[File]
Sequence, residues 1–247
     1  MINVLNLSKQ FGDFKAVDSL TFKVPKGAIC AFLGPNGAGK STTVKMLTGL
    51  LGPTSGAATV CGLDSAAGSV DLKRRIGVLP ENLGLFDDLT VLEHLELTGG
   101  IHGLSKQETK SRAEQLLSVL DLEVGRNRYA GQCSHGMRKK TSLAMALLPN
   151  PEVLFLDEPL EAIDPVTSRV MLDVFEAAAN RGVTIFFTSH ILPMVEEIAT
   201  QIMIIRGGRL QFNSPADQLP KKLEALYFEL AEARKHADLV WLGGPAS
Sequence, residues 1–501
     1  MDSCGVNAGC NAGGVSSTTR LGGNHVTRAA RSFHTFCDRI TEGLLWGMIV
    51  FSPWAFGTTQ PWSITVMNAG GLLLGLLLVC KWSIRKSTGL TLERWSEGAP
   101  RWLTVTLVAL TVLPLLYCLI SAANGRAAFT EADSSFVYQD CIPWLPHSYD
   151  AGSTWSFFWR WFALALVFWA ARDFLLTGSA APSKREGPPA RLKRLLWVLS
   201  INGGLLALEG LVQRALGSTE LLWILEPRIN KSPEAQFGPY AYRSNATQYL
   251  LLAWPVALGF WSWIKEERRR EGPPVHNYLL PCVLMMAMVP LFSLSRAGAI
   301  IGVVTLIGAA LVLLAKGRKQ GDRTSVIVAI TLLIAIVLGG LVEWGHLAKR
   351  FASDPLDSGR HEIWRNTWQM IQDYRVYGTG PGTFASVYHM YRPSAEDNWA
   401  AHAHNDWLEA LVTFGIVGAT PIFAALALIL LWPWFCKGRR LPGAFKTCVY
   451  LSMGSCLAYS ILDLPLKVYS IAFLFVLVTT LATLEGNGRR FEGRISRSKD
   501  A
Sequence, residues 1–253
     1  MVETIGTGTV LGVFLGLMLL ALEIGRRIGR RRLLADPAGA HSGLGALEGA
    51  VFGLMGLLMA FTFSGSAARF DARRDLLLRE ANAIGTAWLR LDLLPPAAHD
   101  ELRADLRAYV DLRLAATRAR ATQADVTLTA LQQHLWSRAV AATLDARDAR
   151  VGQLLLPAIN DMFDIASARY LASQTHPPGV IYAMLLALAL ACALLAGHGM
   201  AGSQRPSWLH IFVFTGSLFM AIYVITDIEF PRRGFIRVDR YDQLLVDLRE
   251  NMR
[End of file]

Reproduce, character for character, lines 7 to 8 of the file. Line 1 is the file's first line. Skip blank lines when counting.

Sequence, residues 1–501
     1  MDSCGVNAGC NAGGVSSTTR LGGNHVTRAA RSFHTFCDRI TEGLLWGMIV